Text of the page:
if a double sided disk was used, then we'd only need 2x193 each side.. 386.. which is still less than the DVD pit size of 400-440nm!

Edited by NickK
Link to comment
Share on other sites

Another possible way is to use the interference of two patterns, digitize the analog quadrature signal to provide a much higher resolution than a basic digital encoder can produce.

In a similar vein, you could use a sinusoidal wave pattern around the disk, then add in out of phase additional waves - then use an FFT but that requires change over time (ie the disk rotating) to give an adequate sample to FFT (i.e. at least one wavelength of the sine pattern). Hence you could not read the position without moving - as you'd only have one point of the curve (which could occur multiple times).

Using a grey code simply means that each point, the code will provide a different unique value. The point here being that the disk does not need to rotate to infer a position.

With the mouse sensors - it could be possible to reduce the size of the disk by using multiple sensors around the disk but not quite on phase boundaries to detect ticks. The problem here is that the mouse is a relative sensor and not an absolute. Nothing stopping combining the two - use a grey code to give a basic position with an optical sensor, then use multiple mouse sensors to detect the additional movement.

I think a disk size of 60 cm (diameter) could be possible given 4 sensors. Any change in one of their values is likely to indicate a tick movement. The sensors only need to be loaded on one side as you're only tracking from one horizon to another.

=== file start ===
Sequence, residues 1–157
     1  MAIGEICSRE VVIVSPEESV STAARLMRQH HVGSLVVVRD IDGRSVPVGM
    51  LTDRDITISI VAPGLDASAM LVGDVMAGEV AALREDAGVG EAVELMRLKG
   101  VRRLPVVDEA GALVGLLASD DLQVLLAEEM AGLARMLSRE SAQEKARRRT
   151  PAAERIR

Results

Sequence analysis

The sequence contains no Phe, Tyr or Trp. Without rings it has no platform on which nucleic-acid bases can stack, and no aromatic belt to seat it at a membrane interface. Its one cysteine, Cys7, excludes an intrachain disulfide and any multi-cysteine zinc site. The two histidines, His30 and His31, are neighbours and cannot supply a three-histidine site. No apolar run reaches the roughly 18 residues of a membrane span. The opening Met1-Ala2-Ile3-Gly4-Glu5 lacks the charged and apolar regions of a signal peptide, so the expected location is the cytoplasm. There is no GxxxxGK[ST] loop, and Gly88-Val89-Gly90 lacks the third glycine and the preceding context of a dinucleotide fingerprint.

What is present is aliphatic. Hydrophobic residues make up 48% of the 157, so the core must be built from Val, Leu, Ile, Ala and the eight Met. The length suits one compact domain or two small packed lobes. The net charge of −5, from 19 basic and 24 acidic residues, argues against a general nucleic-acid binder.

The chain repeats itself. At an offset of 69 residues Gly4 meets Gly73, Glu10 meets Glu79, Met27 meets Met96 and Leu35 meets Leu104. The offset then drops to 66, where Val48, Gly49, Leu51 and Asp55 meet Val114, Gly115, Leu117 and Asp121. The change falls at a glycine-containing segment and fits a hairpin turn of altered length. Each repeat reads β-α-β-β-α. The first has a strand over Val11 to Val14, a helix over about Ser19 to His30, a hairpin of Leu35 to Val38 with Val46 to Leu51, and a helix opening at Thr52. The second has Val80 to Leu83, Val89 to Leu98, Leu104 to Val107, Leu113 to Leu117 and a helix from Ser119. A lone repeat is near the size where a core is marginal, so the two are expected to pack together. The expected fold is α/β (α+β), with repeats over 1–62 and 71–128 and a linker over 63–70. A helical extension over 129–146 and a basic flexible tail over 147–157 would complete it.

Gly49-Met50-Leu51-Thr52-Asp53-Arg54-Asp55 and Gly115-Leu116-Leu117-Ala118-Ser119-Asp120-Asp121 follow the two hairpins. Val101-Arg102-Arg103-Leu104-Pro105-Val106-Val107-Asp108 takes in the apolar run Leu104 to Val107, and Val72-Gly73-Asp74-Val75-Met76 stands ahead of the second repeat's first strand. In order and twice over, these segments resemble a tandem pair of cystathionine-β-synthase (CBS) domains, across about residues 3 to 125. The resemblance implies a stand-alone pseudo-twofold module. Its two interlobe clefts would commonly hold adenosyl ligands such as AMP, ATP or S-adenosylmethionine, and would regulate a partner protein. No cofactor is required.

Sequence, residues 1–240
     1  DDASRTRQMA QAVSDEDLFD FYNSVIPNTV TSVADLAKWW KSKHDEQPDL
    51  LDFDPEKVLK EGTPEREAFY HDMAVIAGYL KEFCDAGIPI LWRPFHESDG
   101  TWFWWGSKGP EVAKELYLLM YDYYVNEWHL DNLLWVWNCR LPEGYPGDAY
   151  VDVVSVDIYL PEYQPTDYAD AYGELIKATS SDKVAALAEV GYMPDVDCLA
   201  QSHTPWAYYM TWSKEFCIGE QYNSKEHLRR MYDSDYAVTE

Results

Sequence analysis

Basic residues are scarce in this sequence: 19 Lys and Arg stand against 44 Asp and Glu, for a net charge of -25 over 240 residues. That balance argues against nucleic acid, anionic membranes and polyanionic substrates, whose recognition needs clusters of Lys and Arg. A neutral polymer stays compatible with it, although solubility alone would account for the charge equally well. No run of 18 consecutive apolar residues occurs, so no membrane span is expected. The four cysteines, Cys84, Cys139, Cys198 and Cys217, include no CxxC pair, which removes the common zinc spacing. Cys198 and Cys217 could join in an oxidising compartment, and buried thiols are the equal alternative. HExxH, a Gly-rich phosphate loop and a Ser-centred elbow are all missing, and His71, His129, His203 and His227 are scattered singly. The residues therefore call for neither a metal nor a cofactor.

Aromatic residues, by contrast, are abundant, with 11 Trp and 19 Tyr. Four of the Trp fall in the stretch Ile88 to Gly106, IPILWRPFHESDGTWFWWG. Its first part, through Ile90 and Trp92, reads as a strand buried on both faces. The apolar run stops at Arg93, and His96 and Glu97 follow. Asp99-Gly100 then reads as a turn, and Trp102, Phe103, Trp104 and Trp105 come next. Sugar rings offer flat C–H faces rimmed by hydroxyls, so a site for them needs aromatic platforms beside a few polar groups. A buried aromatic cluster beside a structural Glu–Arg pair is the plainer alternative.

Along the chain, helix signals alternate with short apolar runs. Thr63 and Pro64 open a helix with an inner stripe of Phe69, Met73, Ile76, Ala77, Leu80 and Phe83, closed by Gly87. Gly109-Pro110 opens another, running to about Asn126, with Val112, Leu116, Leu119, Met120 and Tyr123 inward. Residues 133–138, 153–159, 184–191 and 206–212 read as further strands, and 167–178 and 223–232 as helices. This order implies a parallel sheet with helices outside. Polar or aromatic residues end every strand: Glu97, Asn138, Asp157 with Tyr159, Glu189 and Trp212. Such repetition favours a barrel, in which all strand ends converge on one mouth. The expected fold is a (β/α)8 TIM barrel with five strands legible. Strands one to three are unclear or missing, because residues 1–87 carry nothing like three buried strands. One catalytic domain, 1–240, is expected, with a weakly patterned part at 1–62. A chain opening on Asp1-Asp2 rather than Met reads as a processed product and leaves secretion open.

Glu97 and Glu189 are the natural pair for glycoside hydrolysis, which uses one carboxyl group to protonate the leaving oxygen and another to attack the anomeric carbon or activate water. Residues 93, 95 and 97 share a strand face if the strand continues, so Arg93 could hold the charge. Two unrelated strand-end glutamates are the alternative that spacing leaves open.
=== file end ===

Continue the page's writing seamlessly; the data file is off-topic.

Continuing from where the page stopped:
Thinking about pete_l's point about resolution not accuracy - the ADNS does about 800 pixels in something like a 28x28 images processed in realtime - however what is not clear is if it's interpolating. However it's worth scaling up and having a go with the EQ6 simply rotating the disk and the sensor monitoring the change.

Edited by NickK
Link to comment
Share on other sites

It would be nice to have an encoder do absolute position, but it all can also be reliably done with a relative position encoder.

With relative position a simpler quadrature encoder would do (2 digital patterns or 2 analogue sine wave pattern). Then base your position relative to a reference marker on a disk. It would mean when you first switch on the axis would first need to be moved to find the reference point. XY plotters, CNC machines, printers etc all do it this way and it's not a problem.

Link to comment
Share on other sites

The TDM apparently uses a Heidenhain ERN-480 encoder, the encoder has about 5000 steps per revolution, but it outputs I/Q type sine waves (not square wave I/Q) which the CPU samples and calculates sub-resolution that way.

The encoder apparently uses an optical grating ..

7214007524_755b8a3694_z.jpg

Edited by Cath
Link to comment
Share on other sites

I'm thinking that the multi-ADNS sensor would, for a resolution would show definitive pattern of increments over time that would be constant for each revolution. Storing this pattern would allow reference - similar to the sine waves that could be mapped. The pattern would be different for each sensor and may not be unique but the pattern over a period of movement would be. So putting a couple of hall sensors in for reference points would allow a fixed reference.

I can see how it creates the I/Q sine waves. The slots presented to the photocells aren't all or nothing, but would present a number of slits or % of light giving a value.

Edited by NickK
Link to comment
Share on other sites

This is going to take a back seat for a bit - buying a house so every little penny helps atm :/

The good news is the house as a garden and a garage.. which is likely to become (partially) astro centre as Sandrine will want my junk out of the house :D

Link to comment
Share on other sites

  • 2 weeks later...

Don M over at CN has a great mount that would work with the mouse encoder/radial direct drive as it would allow the required size.

post-9952-0-87189000-1373111844_thumb.jp